There are broadly drawn folk aplenty onscreen and they still talk in that wonderfully florid language of Tarantino’s that actors must savor like a fine steak, something they can sink themselves in for and enjoy every morsel. However, the characters onscreen have never felt this empty before. They are what they are and the only real change that occurs is that many will be dead before the end credits. They don’t have arcs per se but end points. It’s all about unmasking and identifying the rogues in a room full of rogues. Beyond Warren and Mannix, we’re left with precious little for characterization beyond bravado and nihilism. The effect of how empty they are would be felt less if we weren’t stranded with them for near three hours. Trapped in a room with a group of suspicious characters can only go so far, and ultimately it’s a parlor game that cannot sustain longer staying power. I doubt I’ll ever watch this with the frequency of other Tarantino flicks.

“You keep talkin’. You’re gonna talk yourself to death,” says one of those hateful numbers to another member. I’d pay to listen to Tarantino rewrite the phone book, that’s how excellent the man is with his dialogue. The man likes to hear his words and I like listening to them too. The problem is that The Hateful Eight has no reason for its gargantuan running time. As stated above, the characters we’re getting are nowhere near as complex or interesting as previous Tarantino escapades, so the talking can grow weary. Tarantino has patented a new formula from 2009’s Inglorious Basterds that involves characters playing a game of I-know-you-know-I-know while they suss out the truth, all the while the tension finely simmers until it blows. It’s a long fuse of suspense that can pay off rich rewards, like the near-perfect tavern scene in Basterds. The dinner table scene with Candie and the skull of his favorite house slave is another good example. Once our titular eight have gathered at Minnie’s, the entire movie is this sort of scene. It may be broken up into chapters and flashbacks but it feels like one long scene.

There’s also far less at stake than there was with Basterds or Django Unchained, even Reservoir Dogs, and that’s because the protagonists had goals and we had built up far more allegiance and time with them. When they were in danger, it mattered. The danger doesn’t feel as immediate because so little else is happening. There are plenty of comparisons to Dogs, which also utilized a hidden identity and a confined location. I think the difference was that, besides it being Tarantino’s first foray as a director, the tension was felt more because the danger was immediate from the start and we cared about character relationships. I cared about Mr. Orange and Mr. White and their bond. I can’t say I cared about any of the characters in Hateful Eight. I found them interesting at points, sure, but they were all a bunch of rotten bastards with little variation short of a burgeoning understanding between Mannix and Warren. The wait at Minnie’s feels like the Basterds tavern scene on steroids, pushed to the breaking point, and yet absent the urgency.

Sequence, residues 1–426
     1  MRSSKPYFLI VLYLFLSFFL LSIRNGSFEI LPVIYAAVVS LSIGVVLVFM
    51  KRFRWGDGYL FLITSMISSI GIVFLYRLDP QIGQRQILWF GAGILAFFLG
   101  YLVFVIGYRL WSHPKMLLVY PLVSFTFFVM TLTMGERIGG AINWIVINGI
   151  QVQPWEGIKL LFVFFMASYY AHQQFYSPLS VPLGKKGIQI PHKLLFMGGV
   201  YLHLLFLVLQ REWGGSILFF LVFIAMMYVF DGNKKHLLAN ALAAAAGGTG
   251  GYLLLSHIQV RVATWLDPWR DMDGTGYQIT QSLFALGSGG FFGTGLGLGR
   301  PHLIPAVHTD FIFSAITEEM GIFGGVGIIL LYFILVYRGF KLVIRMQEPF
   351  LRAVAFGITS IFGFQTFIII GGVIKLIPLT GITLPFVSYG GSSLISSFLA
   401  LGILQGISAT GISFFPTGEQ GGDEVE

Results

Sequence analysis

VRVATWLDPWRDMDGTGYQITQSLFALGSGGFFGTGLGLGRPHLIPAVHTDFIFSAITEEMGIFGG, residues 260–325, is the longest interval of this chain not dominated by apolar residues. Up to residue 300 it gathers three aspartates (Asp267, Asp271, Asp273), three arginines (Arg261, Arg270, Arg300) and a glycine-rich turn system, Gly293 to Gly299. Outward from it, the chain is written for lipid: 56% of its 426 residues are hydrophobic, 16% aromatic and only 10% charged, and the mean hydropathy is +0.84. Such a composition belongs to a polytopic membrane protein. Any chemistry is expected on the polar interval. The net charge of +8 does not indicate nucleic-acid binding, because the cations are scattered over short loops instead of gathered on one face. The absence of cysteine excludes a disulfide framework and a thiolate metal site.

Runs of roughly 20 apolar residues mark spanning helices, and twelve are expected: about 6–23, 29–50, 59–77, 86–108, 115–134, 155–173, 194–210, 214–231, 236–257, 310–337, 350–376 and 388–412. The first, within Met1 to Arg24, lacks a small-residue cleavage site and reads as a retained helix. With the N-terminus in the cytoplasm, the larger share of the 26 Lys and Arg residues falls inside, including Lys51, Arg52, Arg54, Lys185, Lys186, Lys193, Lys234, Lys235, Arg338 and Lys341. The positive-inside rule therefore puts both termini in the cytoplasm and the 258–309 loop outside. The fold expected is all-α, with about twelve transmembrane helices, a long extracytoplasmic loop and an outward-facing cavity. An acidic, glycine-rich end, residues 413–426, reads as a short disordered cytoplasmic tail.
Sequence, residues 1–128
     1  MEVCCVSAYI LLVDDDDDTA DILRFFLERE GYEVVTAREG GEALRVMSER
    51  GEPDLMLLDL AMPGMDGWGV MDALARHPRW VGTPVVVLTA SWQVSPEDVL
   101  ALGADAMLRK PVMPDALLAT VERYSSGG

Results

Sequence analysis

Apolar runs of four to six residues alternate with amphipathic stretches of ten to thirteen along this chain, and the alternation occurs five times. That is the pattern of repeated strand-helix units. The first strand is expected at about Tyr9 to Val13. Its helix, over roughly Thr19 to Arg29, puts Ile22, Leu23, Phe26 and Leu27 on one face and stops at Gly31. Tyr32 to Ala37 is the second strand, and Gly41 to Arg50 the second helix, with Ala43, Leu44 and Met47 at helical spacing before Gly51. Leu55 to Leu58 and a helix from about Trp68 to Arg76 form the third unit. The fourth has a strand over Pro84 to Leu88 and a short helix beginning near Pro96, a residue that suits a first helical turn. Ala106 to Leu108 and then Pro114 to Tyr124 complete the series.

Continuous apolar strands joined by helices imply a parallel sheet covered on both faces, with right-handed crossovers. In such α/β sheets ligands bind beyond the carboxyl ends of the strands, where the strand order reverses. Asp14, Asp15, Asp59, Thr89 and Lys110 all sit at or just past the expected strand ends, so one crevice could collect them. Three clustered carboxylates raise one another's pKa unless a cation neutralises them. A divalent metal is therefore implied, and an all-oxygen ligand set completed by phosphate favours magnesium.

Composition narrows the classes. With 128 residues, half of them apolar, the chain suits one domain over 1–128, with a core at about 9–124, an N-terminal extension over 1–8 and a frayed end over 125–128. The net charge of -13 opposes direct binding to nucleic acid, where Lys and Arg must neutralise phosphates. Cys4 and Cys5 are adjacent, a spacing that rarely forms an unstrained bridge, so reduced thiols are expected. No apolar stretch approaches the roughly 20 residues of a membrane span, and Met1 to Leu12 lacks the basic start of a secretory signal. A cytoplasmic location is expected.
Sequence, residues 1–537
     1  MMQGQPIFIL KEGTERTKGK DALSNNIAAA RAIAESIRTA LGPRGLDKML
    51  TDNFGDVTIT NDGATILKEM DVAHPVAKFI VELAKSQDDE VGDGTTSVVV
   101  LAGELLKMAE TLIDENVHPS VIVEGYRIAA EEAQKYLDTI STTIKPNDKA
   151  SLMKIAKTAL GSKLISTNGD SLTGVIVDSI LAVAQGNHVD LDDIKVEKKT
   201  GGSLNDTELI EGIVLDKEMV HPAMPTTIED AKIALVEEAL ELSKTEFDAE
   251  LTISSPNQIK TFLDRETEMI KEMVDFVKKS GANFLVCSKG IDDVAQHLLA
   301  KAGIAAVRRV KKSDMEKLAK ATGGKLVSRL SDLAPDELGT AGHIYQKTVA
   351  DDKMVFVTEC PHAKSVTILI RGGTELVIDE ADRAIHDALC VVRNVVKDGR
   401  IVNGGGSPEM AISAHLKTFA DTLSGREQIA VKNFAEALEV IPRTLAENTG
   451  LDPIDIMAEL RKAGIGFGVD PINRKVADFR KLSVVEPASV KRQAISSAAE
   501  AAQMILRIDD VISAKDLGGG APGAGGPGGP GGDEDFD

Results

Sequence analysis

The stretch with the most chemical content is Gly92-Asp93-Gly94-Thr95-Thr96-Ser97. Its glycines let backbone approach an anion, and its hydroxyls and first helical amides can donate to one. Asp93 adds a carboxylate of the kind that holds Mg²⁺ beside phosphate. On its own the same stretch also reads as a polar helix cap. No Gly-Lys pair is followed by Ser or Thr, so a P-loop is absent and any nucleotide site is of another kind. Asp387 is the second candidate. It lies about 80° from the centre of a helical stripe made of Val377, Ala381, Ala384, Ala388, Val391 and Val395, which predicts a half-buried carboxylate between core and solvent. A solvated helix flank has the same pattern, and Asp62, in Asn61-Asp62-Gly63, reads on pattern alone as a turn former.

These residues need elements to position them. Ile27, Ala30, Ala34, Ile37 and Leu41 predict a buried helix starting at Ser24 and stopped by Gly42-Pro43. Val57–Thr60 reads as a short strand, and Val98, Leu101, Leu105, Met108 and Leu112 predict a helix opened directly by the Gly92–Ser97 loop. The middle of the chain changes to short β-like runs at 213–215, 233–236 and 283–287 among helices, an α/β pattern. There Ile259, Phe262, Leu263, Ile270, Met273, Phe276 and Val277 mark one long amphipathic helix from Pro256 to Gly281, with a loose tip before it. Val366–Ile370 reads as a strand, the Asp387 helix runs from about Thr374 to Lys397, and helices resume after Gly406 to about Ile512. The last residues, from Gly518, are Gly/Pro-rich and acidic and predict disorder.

The acting is yet another tasty dish served up by Tarantino, and it feels like the actors are having the time of their lives playing their lively scoundrels. Jackson (Kingsmen: the Secret Service) settles in nicely and always seems to elevate his game when he’s reciting Tarantino’s words. He’s icy cool in scenes where the other characters are trying to do whatever they can to fire him up. He’s less bombastic than we’ve come to expect from Jackson. For bombast, there’s Russell (Furious 7) who cranks his performance to the broad heights of his bellicose lawman. Goggins gives a sly and extra caffeinated performance that answered the question of what it would sound like if you dropped his character from TV’s Justified into a Tarantino movie. Roth (Selma) feels like he’s doing his best manic Christoph Waltz impression. Dern (Nebraska) is a racist codger with a soft spot for his kin. Madsen (Kill Bill vol. 2) seems somewhat wasted as a taciturn “cow puncher.” Bichir (The Heat) gets some laughs as a seemingly aloof caretaker. It’s Leigh (Anomalisa) who steals the show, especially in the film’s second half. Daisy is a character that relishes being bad, and Leigh takes every opportunity to enjoy the fun. Her character plays a bit of possum during the first half but it’s the second half where she lets loose and becomes unhinged, and her exasperated and grotesque responses are often played for great sputtering comic effect. It’s a boys movie but it’s the lone woman who will prove most memorable. Tarantino’s last two movies have won acting awards and Leigh just might make it three-in-a-row.